Daniel Munayer is the Executive Director of Musalaha,a faith-based organization that teaches, trains and facilitates reconciliation mainly between Israelis and Palestinians from diverse ethnic and religious backgrounds, and also international groups, based on biblical principles of reconciliation. Daniel spoke at Greenbelt sponsored by Embrace the Middle East. In this short interview he shares his vision for the future in Palestine.
Linda Ramsden is the founder and director of the Israeli Committee Against House Demolitions(ICAHD UK) which is dedicated to resisting apartheid and building a shared democracy from the River Joran to the Mediterranean Sea.
The Arabic edition of my book Zion’s Christian Soldiers: The Bible, Israel and the Church is now available as a pdf download
The print version of the Arabic edition of Zion’s Christian Soldiers was published by the Anglican Publishing House in Cairo and is also available and costs £8.95 plus £2.75 postage in the UK and £4.75 internationally. Order via PayPal.
The “Pillars of Hercules,” which flank the entrance to the Straits of Gibraltar between Africa and Europe were from Roman times associated with the Latin phrase ne plus ultra, meaning “No More Beyond.” Certainly no one dared question the prevailing belief that there was nothing beyond the horizon. That was until 1492 when Christopher Columbus boldly sailed westward and discovered the New World. On his return, Spain celebrated with a new national logo. Coins were struck with two words: plus ultra meaning “More Beyond”. If you have experienced bereavement recently you know that ‘out of sight’ does not mean ‘out of mind’. But is there more beyond? More than simply the act of remembering the past? The Christian hope is that there is a new world beyond our horizon. Our Psalm this evening teaches us to look beyond our limited horizon, beyond what we can see, feel or touch. Psalm 103 inspires us to feel the heart beat of God’s love and realise there is indeed yet ‘more beyond’ our horizon to discover. More of God’s character to understand. More of his purposes to discover.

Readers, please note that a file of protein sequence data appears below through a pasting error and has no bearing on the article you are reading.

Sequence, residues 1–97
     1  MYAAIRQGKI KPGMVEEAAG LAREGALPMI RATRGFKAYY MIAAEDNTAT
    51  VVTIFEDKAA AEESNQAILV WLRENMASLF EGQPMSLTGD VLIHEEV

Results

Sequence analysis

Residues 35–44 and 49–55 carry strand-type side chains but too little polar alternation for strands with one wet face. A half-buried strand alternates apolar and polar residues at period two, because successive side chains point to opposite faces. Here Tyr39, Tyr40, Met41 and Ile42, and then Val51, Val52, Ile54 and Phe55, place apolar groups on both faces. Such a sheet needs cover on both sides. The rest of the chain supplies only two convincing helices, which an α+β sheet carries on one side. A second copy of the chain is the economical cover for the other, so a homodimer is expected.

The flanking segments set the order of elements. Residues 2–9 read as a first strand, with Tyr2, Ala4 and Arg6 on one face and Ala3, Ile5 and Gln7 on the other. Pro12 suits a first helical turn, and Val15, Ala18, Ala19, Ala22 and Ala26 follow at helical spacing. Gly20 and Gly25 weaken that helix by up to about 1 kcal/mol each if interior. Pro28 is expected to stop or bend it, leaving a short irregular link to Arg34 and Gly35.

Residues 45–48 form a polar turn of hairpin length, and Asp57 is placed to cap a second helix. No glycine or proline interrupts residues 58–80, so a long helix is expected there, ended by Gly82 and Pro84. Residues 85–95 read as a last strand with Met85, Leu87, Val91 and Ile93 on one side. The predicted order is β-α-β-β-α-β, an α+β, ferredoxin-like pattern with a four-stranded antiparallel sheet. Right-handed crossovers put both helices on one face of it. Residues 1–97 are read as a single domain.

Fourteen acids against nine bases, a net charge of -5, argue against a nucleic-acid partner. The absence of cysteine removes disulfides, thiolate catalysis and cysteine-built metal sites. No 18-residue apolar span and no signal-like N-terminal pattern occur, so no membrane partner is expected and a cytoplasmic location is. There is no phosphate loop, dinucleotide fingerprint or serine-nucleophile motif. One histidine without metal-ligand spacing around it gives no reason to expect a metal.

More of his love to experience. More of his commission to fulfil. More of his justice to proclaim. More of his love to share. More of his glory to praise. Psalm 103 inspired Henry Francis Lyte to write one of the most opopular hymns in the English language “Praise my soul the King of heaven”. No wonder. We have here in Psalm 103 the authentic utterance of a redeemed child of God, who piles up words to express his gratitude to the God of grace. There are three sections to the Psalm.
What is your purpose in life? Do you know? The Bible says, your mission is to prepare for eternity. Because life is a preparation for eternity. You’re going to be doing four things in heaven forever and ever and ever. And God wants you to practice those here on earth. What are they? First is worship, you were planned for God’s pleasure – to know and love God. The second is fellowship, you were formed for God’s family – to learn to love each other. The third is discipleship, you were created to become like Christ. And the fourth is ministry, you were shaped for serving God. Now, once we have got those four down, we come to the fifth purpose, which is the only purpose you can only do on earth. You were made for a mission. In John 17, verse 18, Jesus said this – “In the same way that you gave Me a mission in the world, I give them a mission in the world.” In John 20:21, Jesus said, “As theFather has sent me, I am sending you.” To do what? Please turn with me to Matthew 18 because we are going to answer three questions. What is our mission? How do we fulfil our mission? And when will we complete our mission?
My favorite hotel in all the world is the Walled Off in Bethlehem. Designed by Banksy, the anonymous British artist, it overlooks the Separation Wall. In bricks and mortar Banksy demonstrates how art can become an act of defiance against Israeli settler colonialism and apartheid. Tuesday this week, 29th August, was the anniversary of the assassination of Naji Al-Ali, the Palestinian political cartoonist and writer who drew the iconic image of the 10-year-old child Handala, which you often find drawn on the Apartheid Wall dividing the illegal Israeli colonies from the Palestinian ghettos. Appropriately therefore this week’s Kumi Now reflection, is entitled, ‘Art as Resistance’.
“Too often the Palestinian tragedy is portrayed as a humanitarian crisis rather than one that has to do with identity and self-determination. They believe art is a luxury that Palestinians cannot afford. That, instead, what they need is bread to eat, to fill their stomach, so they can think and live another day. But people “shall not live by bread alone” (Matthew 4:4). Art and culture instead feed the soul and allow it to thrive. It gives people the strength to refuse being on the receiving end, perceived as victims. It allows people to become actors instead of spectators. It gives them the long breath necessary to resist. For wherever there is occupation, there will be resistance. The question therefore is not whether to resist, but how to resist.”